Annotated Summer Reading Program Research on Participation, Impact

As I confessed in my author blurb on the Oregon Library Association Children’s Services Division blog, I wrote four term papers on summer reading programs (SRP). During that time I amassed a hoard of research papers on summer reading! My dream is to help produce more, since 95% of public libraries offer summer reading, but there’s only been one true experimental study to my knowledge.

Here are the pieces I’ve found most useful in my literature reviews and papers on  participation in, and the effectiveness of, summer reading programs.

History of SRP

Stephanie Bertin. A History of Youth Summer Reading Programs in Public Libraries. A Master’s Paper for the M.S. in L.S degree. May, 2004. 71 pages. Advisor: Brian Sturm.

This master’s thesis reviews articles in Library Journal and School Library Journal about summer reading. An early version of summer reading appeared in the 1890s, and programs quickly became popular, over time more closely resembling today’s with reading logs, programs for kids and teens, themes, and cooperatives. The review also highlights the beginnings of what are ongoing discussions in youth services: the roll of incentives (1944) and avoiding summer learning loss (1946).

Impact of SRP

Dynia, J. M., Piasta, S. B., Justice, L. M., & Columbus Metropolitan Library. (2015). Impact of library-based summer reading clubs on primary-grade children’s literacy activities and achievement. Library Quarterly, 85(4), 386–405.

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Paper stars make for a relaxed family craft

Summer Reading 2019 is almost over, and before it ends, I want to share my favorite program of the summer: Paper Star Decor. The program drew a lively mix of 31 kids, young teens, and their family members.

Last winter I saw a video of how to make paper stars out of paper bags. I knew the craft could anchor a summer program, especially since we had the luck of celebrating “A Universe of Stories” for summer reading 2019. It fit right in with our space theme.

Craft Overview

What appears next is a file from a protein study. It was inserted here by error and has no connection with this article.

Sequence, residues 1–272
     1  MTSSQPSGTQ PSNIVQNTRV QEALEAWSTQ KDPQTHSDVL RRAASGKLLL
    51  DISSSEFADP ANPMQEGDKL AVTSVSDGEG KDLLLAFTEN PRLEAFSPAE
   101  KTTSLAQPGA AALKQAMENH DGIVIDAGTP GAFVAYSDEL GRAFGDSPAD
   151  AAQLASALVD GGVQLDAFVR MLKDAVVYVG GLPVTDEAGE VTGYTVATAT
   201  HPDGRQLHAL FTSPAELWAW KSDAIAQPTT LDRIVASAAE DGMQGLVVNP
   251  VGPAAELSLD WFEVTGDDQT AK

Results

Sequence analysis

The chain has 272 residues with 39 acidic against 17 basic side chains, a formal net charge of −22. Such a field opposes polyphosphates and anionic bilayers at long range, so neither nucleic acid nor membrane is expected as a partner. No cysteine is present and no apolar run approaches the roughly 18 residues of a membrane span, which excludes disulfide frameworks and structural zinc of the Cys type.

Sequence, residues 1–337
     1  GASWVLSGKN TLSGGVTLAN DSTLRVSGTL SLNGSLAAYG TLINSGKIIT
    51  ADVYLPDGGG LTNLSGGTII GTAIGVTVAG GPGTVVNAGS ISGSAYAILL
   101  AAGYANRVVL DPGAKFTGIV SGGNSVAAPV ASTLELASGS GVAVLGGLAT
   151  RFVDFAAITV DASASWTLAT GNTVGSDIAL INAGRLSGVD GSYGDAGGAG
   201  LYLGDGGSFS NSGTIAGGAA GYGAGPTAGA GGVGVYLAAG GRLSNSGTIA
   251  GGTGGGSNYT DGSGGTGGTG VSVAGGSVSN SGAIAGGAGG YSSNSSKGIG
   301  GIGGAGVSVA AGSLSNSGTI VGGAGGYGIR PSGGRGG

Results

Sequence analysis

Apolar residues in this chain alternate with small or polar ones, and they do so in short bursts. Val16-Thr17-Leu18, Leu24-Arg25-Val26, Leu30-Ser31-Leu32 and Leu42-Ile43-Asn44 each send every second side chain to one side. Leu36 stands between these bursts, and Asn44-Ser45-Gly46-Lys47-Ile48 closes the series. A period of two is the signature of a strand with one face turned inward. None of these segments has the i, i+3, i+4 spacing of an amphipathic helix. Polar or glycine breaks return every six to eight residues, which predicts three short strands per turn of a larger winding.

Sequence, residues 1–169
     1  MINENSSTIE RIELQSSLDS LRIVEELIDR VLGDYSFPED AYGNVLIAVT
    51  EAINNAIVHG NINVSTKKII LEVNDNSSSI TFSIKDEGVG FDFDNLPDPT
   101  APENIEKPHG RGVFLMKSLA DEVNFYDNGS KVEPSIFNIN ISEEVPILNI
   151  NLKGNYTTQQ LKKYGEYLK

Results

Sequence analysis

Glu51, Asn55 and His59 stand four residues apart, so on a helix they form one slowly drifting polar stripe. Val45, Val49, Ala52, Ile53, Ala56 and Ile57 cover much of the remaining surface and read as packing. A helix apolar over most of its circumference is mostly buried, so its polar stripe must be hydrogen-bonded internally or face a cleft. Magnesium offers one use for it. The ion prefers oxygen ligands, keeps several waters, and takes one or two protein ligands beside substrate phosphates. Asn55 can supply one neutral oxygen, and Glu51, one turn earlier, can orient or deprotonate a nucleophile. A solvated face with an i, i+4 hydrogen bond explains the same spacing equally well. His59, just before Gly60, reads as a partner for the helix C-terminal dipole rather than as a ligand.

I offered three crafts to keep the program interesting for the whole family. Giant paper bag stars were the statement craft. I also included origami stars, which are much quicker, and precut stars for younger kids to decorate.

Tissue paper star, three origami stars, and one large paper bag star.

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My First Year after Library School

A version of this article first appeared in the June 2019 issue of Voice of Youth Advocates.

I stumbled across a wax-sealed letter while cleaning up my childhood bedroom. It was addressed “To: Adult Lindsay From: 9 year old Lindsay.”

I had no idea what it contained, but I had just graduated with a Master’s degree and moved back to Oregon to start my first librarian job, so I figured I was adult enough to open it. Inside I had written to myself, “I at this age am hoping to do something with a library when I grow up. But you of course know if I have done so because you are a grownup me…”

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Favorite Spanish Picture Books and Stories for Storytime

I’m entering my third year of being a librarian! That means I’ve got about two years of Spanish story time under my belt, and it really does get easier. Today went well because I remembered to hide the spaceship before story time (pro tip: spaceship tents are more interesting than anything you can plan), used a winning combo of story time songs, and selected fun and engaging stories.